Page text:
Arthur Gay is four years and eight months into his second life and is going strong.

"I'm just thankful because I've had almost five years of life that didn't seem possible five years ago," said Gay, a 41-year-old resident of Southeast Washington who was given a heart transplant at the Medical College of Virginia in Richmond Jan. 11, 1973.

"It's just one of those medical miracles," said the personnel clerk at the District's main post office, "Considering how many they've done and how (few) have survived. It's just one of those lucky things.

"The first I remembered when I woke up (after the transplant) was how I could breathe. I told my wife that even if I passed away the next day it was worth it. The only way I could sleep before that was sitting up in a chair."

By the time he arrived in Richmond Gay had used up all his options. He had had a valve in his heart replaced" and progressed pretty slowly for six months but then I started going downhill because (another) valve started acting up."

Tests revealed that Gay's heart couldn't stand the strain of yet another major operation and "one of the doctors came up with the idea of why didn't I try a transplant. All the other organs were in good shape and they felt I could survive it.But they only gave me from six days to six weeks to six months to live without a transplant. I found out later that they classify (the severity of) heart disease from one to four, and the doctors were saying I was a five."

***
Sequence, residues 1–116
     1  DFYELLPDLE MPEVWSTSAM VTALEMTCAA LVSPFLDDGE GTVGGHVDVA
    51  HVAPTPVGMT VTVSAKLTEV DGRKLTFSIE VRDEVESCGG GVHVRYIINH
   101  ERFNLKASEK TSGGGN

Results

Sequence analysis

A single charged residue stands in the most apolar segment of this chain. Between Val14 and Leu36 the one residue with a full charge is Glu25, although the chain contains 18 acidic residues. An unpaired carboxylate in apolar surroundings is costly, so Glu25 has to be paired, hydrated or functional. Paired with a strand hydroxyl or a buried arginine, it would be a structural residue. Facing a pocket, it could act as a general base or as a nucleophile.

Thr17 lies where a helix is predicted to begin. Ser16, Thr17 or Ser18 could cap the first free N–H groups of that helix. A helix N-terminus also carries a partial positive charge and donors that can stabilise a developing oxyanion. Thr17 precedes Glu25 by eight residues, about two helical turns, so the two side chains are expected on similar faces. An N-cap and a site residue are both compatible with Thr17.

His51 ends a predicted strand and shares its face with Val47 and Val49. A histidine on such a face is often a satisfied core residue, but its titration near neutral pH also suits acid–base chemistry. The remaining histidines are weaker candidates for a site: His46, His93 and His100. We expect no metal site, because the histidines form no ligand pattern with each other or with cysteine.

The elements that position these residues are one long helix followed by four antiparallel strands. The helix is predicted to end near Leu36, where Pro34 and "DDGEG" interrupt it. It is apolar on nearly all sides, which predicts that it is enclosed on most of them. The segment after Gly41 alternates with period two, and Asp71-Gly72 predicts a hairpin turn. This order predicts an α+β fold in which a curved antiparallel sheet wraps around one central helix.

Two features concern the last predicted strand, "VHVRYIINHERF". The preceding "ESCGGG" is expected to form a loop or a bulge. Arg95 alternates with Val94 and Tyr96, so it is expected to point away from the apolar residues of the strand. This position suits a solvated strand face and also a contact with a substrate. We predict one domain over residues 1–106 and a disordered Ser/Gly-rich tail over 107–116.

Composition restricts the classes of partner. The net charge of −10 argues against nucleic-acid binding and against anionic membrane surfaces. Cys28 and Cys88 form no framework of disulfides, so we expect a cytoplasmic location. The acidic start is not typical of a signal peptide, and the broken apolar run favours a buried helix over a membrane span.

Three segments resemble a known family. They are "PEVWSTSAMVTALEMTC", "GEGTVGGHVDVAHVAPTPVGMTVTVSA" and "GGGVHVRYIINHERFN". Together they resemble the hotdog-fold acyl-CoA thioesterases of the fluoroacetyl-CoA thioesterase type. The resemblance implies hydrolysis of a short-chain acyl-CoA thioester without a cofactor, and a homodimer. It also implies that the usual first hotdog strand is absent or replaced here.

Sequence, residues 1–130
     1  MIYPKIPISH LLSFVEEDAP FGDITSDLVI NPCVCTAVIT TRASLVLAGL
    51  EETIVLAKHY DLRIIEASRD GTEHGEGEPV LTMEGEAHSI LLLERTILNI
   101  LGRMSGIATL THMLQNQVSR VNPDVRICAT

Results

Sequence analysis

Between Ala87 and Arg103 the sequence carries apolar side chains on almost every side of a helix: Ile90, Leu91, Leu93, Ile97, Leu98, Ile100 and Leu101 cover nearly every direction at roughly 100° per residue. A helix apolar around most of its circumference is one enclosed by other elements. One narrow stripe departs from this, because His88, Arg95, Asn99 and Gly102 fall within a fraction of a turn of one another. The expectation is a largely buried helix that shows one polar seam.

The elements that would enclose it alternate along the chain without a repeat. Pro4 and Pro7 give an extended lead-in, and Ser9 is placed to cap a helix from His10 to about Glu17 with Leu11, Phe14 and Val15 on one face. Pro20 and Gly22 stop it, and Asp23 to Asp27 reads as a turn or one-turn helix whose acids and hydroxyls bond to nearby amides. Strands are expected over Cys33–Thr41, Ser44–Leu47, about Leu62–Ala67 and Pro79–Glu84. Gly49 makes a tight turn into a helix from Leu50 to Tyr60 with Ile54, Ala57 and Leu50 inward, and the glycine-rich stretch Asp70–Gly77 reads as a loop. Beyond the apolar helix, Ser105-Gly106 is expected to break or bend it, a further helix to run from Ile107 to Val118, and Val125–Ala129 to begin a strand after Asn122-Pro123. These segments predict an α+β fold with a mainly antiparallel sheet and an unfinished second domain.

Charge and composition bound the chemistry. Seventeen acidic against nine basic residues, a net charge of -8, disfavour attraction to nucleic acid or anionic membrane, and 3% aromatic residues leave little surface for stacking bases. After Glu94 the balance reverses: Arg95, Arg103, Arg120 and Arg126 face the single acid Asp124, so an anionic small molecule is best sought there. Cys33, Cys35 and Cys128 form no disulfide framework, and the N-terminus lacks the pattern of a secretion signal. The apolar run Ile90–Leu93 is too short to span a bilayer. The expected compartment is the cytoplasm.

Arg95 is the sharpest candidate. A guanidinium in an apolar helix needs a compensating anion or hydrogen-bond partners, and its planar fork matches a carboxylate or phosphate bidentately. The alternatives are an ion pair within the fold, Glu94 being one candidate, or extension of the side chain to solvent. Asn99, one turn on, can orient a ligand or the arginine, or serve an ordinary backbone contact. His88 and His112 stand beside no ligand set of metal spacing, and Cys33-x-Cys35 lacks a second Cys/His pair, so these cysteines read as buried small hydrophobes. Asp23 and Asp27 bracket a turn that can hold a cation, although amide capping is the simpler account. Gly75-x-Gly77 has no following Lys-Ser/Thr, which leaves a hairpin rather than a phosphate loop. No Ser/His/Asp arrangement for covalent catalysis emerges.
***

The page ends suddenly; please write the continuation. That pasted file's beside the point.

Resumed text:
The heart disease had debilitated Gay, who was unable to work for nearly three years and who weighed only 177 pounds, despite being 5 feet 10.

Today, Gay weighs 163, about eight pounds more than his doctors would like. "But most of it is fluid around the middle because of the drugs they keep me on" to prevent rejection of the transplanted heart, said Gay.

Arthur Hay's second life has not come cheap. Gay said he was told his initial surgery and treatment cost between $35,000 and $40,000. He was billed for only part of it, but he declines to say how much. Despite good insurance coverage he has been working to pay medical bills ever since, including those for his annual week to three weeks of tests in Richmond.

Like many dying persons, Gay engaged in what is known as bargaining at the end of his first life, hoping to live in order to see certain things take place, things like his son Arthur Jr.'s graduation from high school.

Unlike most other terminality ill patients, Gay got his wish. His son graduated from Bailou High School in the District in June and his two other children are now in the fifth and 11th grades. All of which, he says, has made the operation worthwhile.